We see again in this exercise that we should question assumptions, ask the right questions and actually measure to get evidence.

Hopefully the spring 2008 update of Java 6 will bring the proper escape analysis optimizations which have been promised for such a long time! We’ll keep you posted.

LockTest code:

public class LockTest {
	private static final int MAX = 20000000; // 20 million
.
	public static void main(String[] args) throws InterruptedException {
		// warm up the method cache
		concatBuffer("Josh", "James", "Duke");
		concatBuilder("Josh", "James", "Duke");
.
		System.gc();
		Thread.sleep(1000);
.
		long start = System.currentTimeMillis();
		for (int i = 0; i < MAX; i++) {
			concatBuffer("Josh", "James", "Duke");
		}
		long bufferCost = System.currentTimeMillis() - start;
		System.out.println("StringBuffer: " + bufferCost + " ms.");
.
		System.gc();
		Thread.sleep(1000);
.
		start = System.currentTimeMillis();
		for (int i = 0; i < MAX; i++) {
			concatBuilder("Josh", "James", "Duke");
		}
		long builderCost = System.currentTimeMillis() - start;
		System.out.println("StringBuilder: " + builderCost + " ms.");
		System.out.println("Thread safety overhead of StringBuffer: "
				+ ((bufferCost * 10000 / (builderCost * 100)) - 100) + "%\n");
	}
.
	public static String concatBuffer(String s1, String s2, String s3) {
		StringBuffer sb = new StringBuffer();
		sb.append(s1);
		sb.append(s2);
		sb.append(s3);
		return sb.toString();
	}
.
	public static String concatBuilder(String s1, String s2, String s3) {
		StringBuilder sb = new StringBuilder();
		sb.append(s1);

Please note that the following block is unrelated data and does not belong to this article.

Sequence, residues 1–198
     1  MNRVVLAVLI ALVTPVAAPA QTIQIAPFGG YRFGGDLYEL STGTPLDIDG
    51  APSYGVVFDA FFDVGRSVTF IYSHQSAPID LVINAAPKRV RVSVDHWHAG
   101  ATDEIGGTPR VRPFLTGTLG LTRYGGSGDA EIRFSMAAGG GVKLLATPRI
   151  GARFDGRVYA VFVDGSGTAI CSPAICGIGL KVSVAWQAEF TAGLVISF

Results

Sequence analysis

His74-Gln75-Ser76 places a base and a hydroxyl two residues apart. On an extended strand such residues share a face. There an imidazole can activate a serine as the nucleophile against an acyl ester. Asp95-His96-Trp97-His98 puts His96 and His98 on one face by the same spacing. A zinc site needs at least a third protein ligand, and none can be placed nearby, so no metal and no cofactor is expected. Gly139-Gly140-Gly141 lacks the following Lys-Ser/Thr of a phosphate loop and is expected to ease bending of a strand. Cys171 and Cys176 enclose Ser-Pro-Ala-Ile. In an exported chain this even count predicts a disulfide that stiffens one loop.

sb.append(s2);
		sb.append(s3);
		return sb.toString();
	}
}

Comments (18)

  1. Bram Somers - Reply

    December 21, 2007 at 5:57 pm

    Hi,

    I've tried your test on my laptop (AMD X2, linux os)

    And this are my results (which are, btw, clearly a lot different than yours)

    * java -server -XX:-DoEscapeAnalysis -XX:-EliminateLocks -XX:-UseBiasedLocking LockTest

    Executing this command gives me:
    StringBuffer: 7669 ms.
    StringBuilder: 3274 ms.
    Thread safety overhead of StringBuffer: 134%

    * java -server -XX:+DoEscapeAnalysis -XX:+EliminateLocks -XX:+UseBiasedLocking LockTest

    Executing this command however, gives me this:

    StringBuffer: 6840 ms.
    StringBuilder: 3414 ms.
    Thread safety overhead of StringBuffer: 100%

    Why is this?

    Bram

    ps. I did try the test several times...

  2. Jeroen Borgers - Reply

    December 22, 2007 at 10:21 am

    Hi Bram,

    Interesting results. Those optimizations give you significantly less speedup on your configuration.

    Do you have java 1.6.0_03 running?

    Many is involved here: the cost of the atomic instructions on (multi-core) processor/cache level, the cost of a context switch on the OS level, the way the JVM utilizes these, etc. Any of these can make the difference.

    I have an Intel Core 2 Duo and Vista, so quite different from yours.

    What are your intermediate results?

    Jeroen.

  3. Bram Somers - Reply

    December 22, 2007 at 8:01 pm

    Hi Jeroen,

    Ouch, I indeed do not have the update 3 version, stupid me :)
    Anyway, I'll download the update 3 of JAVA 6 and run it again on my configuration and give feedback about my results.

    Greetings,

    Bram

  4. Bram Somers - Reply

    December 24, 2007 at 9:35 am

    Hi,

    I did the test again with JAVA 6 update 3, same results though...